The Assumption of the Virgin by Francesco Botticini, which served as the altarpiece in the burial chapel here of Matteo Palmieri, a civil servant, is now in the National Gallery in London. It was previously thought to be by Botticelli, due to Vasari confusing their names.
The Madonna of the Girdle by Francesco Granacci (1508/9) looks very Michelangelo-inspired and is now in the Accademia.

The Visitation by Maso da San Friano, a Mannerist altarpiece of 1560 painted for the chapel of the de' Pesci in this church, is now in the Fitzwilliam in Cambridge UK.
An Annunciation by Giovanni Antonio Sogliani, taken from this church when it closed in 1783, was installed behind the high altar in the 1910s to replace Ghirlandaio's Adoration of the Magi in the church of the Spedale degli Innocenti

The church in art
St Zenobius, the first bishop of Florence, performed one of his miracles on a procession from San Pier Maggiore to the Duomo so the church appears in the background of many paintings of this miracle. The original church is visible in the background of St Zenobius Raising a Boy from the Dead (see below right) by Ridolfo Ghirlandaio. And
A Miracle of St Zenobius by Domenico Veneziano in the Fitzwilliam, Cambridge UK, part of the St Lucy Altarpiece. Also Saint Zenobius Resuscitating a Dead Child by Benozzo Gozzoli in the MET New York. The church in Masaccio and Masolino's Saint Peter Healing with His Shadow fresco in the Brancacci Chapel may also be, somewhat appropriately, San Pier Maggiore.

Update 11.2015

There was an exhibition at the National Gallery devoted to the Botticini Assumption of the Virgin mentioned above, with connections made to the Jacopo di Cione altarpiece also in the National Gallery. Research involved trying to reconstruct San Pier Maggiore, and there's a fascinating film. Watch it here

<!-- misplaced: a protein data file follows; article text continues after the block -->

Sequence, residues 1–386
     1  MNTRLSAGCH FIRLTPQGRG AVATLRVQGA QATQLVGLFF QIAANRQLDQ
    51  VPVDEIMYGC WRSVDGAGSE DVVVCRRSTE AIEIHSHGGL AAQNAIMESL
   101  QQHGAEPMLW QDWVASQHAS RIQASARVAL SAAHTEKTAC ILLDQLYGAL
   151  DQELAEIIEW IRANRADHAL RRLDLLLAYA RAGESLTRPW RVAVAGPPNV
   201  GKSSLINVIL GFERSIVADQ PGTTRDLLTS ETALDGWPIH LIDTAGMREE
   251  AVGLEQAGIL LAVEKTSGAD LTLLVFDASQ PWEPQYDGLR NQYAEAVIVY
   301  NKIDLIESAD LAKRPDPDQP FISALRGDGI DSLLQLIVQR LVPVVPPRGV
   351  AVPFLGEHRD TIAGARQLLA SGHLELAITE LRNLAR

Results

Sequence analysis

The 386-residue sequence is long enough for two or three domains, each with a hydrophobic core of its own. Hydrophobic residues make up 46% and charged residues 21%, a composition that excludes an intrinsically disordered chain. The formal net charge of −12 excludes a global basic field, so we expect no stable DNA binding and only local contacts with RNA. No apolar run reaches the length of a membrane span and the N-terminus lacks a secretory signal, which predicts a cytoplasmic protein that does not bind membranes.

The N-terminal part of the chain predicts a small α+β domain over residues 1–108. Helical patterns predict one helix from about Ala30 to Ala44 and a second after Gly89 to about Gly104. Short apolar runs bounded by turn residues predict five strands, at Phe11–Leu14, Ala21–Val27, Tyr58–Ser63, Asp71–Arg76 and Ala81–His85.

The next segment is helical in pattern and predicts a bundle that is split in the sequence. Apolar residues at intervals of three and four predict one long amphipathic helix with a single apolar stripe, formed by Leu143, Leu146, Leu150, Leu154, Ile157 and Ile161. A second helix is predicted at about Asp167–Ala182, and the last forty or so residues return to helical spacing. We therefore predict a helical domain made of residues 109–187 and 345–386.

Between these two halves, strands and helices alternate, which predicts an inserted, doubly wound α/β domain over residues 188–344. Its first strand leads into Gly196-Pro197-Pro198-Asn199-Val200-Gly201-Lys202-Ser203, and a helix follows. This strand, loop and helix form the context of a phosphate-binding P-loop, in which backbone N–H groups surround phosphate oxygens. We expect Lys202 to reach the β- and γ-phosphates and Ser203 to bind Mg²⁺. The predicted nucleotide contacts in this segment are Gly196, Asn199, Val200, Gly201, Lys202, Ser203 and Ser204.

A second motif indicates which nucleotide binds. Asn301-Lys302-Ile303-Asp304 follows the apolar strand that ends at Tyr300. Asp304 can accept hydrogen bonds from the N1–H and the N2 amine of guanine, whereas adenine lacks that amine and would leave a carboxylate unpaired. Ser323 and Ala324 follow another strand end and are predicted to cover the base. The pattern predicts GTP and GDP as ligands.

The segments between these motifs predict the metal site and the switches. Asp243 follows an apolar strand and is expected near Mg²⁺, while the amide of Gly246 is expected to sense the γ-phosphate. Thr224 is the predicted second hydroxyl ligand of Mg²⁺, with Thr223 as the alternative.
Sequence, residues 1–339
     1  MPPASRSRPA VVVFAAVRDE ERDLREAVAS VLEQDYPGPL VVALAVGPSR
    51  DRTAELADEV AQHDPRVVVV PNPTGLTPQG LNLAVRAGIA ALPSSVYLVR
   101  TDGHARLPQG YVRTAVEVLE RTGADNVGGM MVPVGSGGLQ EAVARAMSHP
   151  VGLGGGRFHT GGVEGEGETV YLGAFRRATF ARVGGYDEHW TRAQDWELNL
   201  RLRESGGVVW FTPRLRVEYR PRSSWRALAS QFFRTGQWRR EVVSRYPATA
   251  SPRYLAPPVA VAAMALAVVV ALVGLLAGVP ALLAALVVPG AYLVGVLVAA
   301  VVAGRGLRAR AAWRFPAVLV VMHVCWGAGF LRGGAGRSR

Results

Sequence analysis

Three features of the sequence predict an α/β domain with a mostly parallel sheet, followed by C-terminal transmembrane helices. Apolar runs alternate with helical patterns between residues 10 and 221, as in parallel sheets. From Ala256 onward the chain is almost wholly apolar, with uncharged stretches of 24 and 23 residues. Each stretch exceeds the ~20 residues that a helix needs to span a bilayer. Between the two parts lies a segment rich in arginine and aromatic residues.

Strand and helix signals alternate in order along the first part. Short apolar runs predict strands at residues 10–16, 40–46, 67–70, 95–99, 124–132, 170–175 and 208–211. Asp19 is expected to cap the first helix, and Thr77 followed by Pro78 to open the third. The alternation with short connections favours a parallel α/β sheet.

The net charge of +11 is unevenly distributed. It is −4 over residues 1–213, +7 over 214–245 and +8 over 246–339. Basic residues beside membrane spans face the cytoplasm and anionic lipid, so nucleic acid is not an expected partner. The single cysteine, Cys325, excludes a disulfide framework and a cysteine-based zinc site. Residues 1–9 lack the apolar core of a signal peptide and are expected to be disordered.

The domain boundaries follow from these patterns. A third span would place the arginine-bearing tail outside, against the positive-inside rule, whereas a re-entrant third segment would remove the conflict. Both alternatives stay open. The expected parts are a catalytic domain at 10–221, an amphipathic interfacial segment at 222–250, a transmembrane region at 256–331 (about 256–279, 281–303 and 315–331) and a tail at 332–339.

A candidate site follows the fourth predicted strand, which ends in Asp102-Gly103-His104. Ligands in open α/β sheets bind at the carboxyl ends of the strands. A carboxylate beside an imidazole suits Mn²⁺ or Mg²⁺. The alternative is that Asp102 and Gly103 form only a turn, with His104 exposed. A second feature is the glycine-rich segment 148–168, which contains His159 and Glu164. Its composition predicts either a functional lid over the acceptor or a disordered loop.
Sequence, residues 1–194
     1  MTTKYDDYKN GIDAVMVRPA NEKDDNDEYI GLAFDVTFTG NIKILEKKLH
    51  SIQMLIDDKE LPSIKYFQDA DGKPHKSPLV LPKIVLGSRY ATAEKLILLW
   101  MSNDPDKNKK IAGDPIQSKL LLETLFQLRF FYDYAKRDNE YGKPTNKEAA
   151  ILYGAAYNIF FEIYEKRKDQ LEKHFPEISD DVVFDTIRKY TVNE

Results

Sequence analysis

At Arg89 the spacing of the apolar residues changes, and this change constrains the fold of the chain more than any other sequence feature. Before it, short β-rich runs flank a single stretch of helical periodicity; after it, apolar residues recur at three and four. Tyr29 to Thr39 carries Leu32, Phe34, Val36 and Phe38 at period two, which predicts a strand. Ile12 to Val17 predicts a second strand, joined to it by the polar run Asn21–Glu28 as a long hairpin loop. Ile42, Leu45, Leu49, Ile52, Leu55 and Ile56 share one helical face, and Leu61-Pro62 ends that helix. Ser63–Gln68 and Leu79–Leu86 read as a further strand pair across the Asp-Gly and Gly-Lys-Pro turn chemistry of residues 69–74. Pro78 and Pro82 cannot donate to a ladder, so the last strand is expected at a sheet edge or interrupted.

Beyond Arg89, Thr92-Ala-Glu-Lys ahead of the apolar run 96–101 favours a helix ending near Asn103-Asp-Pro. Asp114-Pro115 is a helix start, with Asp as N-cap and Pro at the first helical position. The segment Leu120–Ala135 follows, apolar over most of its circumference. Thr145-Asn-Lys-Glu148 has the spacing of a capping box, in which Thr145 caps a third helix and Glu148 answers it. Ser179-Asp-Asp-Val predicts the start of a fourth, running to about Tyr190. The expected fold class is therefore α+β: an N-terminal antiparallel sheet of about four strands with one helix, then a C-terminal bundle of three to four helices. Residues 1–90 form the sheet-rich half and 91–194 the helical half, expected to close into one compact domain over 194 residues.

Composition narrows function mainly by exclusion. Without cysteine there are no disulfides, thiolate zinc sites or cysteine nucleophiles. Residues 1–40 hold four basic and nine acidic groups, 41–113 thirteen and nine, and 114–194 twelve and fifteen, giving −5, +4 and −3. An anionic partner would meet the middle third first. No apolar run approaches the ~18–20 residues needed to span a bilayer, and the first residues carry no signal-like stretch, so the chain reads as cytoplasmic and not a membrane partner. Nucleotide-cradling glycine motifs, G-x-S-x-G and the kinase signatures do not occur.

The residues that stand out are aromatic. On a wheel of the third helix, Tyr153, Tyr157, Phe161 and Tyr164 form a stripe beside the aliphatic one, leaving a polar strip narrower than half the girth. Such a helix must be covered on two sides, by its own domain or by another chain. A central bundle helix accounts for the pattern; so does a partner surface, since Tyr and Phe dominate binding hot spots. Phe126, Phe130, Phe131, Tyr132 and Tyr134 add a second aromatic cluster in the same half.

The original 14th Century church as held by
St Peter in the Jacopo di Cione altarpiece.

San Pier Martire
via dei Serragli

The church and convent was founded in 1417, the first nunnery founded by the Observant Dominicans, who were keen to return to the order's original values. The complex, dedicated to one of the order's most illustrious preachers, benefited from the patronage of Niccolò da Uzzano and was built in the former palace of Niccolò Buondelmonte. Most of the original nuns had come from San Domenico in Pisa, the same house that had helped set up, and remained closely connected with, the Observant Dominican Corpus Domini in Venice. In 1557 the monastery was closed and demolished to make room for the fortifications around the San Pier Gattolino gate. The nuns moved to San Felice in Piazza.

Lost art
Fra Angelico painted the high altarpiece for the church of the monastery, called the San Pier Martire Altarpiece, in 1428/9, The Virgin and Child with Saints Dominic, John the Baptist, Peter Martyr and Thomas Aquinas (1429) (see right) which is now in the Museum of San Marco. Three predella panels are in the Courtauld Institute in London. They make up seven roundels - the central trio show Christ as the Man of Sorrows flanked by Saint Mary Magdalene and Saint John the Evangelist with flanking pairs of female Dominican saints.
There's also a painting by Gherardo di Giovanni del Fora in the Bowdoin College Museum in Maine of Saints Mary Magdelene, Peter Martyr and Catherine of Sienna (c. 1475) that may well, not least because of its choice of saints, have been painted for the convent here.



San Pier Scheraggio
via della Ninna


A Romanesque basilica, consecrated in 1068, restored in 1294, and reconsecrated in 1299, which had been used up until the construction of Palazzo Vecchio in 1313 for the City Councils of the Florentine Republic, at which Dante (who lived nearby) and Boccaccio were amongst the speakers. The arches of the left nave, destroyed in 1410 when Via della Ninna was enlarged, are visible from the street (see photo left). The church takes its name from the schiaraggio, or drain that ran beside the city walls. Giorgio Vasari, when he began work on the Uffizi in 1560, demolished/incorporated the church into the building.